IODPA believes that all SMP sessions should be held on neutral territory, preferably a medical facility, properly designed and equipped to cater for the needs of disabled people. SMP appointments should be made at a time and place convenient to the individual, not arranged entirely for the convenience of the force or the SMP.

We have heard much about the unpleasant and coercive practice whereby the SMP asks the disabled person to complete a “customer satisfaction” survey. The pensioner is told something along the lines of, ‘No, you can’t take it with you to complete and send it back. You must do it now, and no, you can’t have a copy. Complete it before I commence my examination and interview and if you don’t then I may not be able to proceed.’

Coercive behaviour of that nature is unbecoming of any medical professional. We have heard of SMPs who are never more happy than when their decisions are appealed. They can sit back and let the force’s legal department take over whilst they look forward to another fat fee for attending the appeal hearing. At the going rate for SMP services of around £250 an hour, that is as shady dealer Arthur Daley would say, ‘A nice little earner.’

We are frequently told of SMPs reports which bear little to no relationship to what was said and done during an examination or interview. In the most extreme examples an SMP has told the pensioner verbally during the examination/interview that the decision will be no alteration in disablement, and hence no reduction in pension payments, only for the SMP’s report to show otherwise.

We have heard of venues where ‘security cameras’ capture the arrival of the disabled individual and follow their progress right into the room where the examination/interview is to take place. Whilst capturing video for security purposes is acceptable, it is not at all acceptable for a SMP to then view the footage to see how the disabled person arrives, whether they come by car, and what make and model of car, or whether they drive or not, or how they manage the stairs, opening doors, how they walk, etc. All done without the individuals knowledge or consent, and with a view to taking these observations into consideration when making a medical decision.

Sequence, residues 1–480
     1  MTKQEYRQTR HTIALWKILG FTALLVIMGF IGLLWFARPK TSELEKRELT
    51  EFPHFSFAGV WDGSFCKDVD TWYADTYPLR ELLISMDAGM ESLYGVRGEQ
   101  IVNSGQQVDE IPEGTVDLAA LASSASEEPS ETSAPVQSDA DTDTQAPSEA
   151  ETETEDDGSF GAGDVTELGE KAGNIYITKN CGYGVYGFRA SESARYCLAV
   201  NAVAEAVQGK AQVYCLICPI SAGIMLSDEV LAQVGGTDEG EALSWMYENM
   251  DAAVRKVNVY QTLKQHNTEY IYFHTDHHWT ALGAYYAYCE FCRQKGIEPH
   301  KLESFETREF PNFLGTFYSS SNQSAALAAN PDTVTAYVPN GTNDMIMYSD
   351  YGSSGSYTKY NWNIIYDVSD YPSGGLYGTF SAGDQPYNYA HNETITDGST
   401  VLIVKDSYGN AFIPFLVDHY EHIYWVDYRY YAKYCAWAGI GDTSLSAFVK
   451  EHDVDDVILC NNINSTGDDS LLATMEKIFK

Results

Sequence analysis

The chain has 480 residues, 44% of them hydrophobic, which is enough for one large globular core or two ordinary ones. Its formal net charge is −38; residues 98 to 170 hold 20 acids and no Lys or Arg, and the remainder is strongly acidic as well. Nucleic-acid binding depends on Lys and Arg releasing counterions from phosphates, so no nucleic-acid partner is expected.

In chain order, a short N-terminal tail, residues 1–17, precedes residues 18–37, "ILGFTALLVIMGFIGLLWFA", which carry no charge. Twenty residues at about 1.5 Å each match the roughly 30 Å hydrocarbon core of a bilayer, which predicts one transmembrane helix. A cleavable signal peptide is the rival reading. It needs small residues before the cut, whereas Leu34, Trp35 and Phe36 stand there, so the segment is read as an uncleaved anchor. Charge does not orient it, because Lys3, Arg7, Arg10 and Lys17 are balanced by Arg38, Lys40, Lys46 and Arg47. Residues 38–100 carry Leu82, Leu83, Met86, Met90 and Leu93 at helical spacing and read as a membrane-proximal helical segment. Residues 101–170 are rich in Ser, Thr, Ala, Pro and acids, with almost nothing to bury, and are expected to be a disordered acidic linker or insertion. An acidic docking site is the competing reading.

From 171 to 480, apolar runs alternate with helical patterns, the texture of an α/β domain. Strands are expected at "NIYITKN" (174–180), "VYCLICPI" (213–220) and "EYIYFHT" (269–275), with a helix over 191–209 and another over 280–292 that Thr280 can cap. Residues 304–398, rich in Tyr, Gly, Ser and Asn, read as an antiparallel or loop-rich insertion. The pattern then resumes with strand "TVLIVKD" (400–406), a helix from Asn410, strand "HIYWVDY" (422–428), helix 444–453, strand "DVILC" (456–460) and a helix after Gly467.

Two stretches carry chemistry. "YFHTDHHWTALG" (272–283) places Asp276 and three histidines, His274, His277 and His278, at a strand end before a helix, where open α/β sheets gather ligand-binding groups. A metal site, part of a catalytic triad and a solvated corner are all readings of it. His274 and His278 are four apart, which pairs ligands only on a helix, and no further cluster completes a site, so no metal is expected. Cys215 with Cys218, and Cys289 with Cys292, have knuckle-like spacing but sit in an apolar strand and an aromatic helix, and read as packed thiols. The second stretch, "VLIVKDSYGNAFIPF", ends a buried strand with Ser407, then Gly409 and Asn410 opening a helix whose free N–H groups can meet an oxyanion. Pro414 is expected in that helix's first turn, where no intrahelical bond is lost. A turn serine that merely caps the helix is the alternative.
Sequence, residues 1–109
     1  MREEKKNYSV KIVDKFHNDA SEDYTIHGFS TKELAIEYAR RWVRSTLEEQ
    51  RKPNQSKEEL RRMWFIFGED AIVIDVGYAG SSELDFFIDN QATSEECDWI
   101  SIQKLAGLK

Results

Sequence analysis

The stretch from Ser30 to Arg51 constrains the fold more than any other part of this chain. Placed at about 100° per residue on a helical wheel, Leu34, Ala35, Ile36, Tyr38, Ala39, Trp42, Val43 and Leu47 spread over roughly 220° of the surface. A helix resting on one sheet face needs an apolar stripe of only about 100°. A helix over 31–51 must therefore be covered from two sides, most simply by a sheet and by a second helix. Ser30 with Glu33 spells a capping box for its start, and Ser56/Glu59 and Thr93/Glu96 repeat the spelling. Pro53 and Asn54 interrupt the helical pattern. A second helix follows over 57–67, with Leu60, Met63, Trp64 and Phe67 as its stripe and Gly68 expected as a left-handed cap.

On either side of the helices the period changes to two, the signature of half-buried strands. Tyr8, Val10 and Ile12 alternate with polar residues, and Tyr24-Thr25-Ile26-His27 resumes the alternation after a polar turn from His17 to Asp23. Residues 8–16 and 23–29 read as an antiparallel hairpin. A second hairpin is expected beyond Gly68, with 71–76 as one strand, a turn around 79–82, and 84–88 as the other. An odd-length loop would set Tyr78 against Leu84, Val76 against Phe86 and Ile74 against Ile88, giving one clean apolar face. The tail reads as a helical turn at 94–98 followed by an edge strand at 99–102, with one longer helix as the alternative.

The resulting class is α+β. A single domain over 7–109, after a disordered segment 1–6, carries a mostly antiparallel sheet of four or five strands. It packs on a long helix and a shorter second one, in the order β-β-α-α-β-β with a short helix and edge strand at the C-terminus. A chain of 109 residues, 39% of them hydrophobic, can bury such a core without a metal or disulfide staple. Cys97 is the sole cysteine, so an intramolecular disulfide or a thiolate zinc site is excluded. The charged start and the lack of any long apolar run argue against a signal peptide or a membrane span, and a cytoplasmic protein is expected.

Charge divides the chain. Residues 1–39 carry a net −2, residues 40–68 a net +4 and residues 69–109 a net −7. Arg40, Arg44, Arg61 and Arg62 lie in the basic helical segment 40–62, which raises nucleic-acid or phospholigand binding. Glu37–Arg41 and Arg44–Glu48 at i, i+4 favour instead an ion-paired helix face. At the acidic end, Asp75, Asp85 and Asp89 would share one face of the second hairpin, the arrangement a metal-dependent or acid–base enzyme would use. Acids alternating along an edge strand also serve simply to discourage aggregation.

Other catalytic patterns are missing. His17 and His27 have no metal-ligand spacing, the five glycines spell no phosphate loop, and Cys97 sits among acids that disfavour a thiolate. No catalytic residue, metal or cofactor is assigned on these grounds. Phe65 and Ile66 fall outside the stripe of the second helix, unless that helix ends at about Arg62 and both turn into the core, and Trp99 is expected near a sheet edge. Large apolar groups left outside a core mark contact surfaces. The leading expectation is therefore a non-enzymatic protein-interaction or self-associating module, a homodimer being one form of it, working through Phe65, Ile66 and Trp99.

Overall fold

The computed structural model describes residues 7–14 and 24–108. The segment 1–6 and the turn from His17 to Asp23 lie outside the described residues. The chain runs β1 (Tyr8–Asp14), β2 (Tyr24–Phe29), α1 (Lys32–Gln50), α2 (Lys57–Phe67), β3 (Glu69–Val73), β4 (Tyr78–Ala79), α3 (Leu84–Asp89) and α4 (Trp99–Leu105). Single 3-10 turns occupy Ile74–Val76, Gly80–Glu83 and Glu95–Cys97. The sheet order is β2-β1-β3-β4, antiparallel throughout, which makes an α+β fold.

Mention of video recording leads us naturally into what has been a contentious issue, and the cause of much distress to disabled officers and former officers who are assessed by a SMP. The Regulations do not set out anything about audio or video recording. Nor do they grant any power whatever to SMPs to allow them to ban recording by the individual.

No honest SMP would see any reason to object to recording. Those who have objected can only have done so with one objective in mind, and that is to prevent an accurate record of proceedings being made, so their version of events can not be successfully challenged.

We also hear, too frequently, of SMPs who either downright refuse or strongly object to the disabled individual having a friend, supporter, or carer present during the examination/interview. This of course gives rise to justified suspicion that the SMP wishes to place the individual at a disadvantage whilst also ensuring that there is no witness to the proceedings who might later dispute the SMP’s version of what was said and done.

Needless to say, the GMC and other medical professionals’ organisations advise all doctors conducting any professional interaction with individuals to allow a friend, carer or chaperone to be present if the patient so wishes.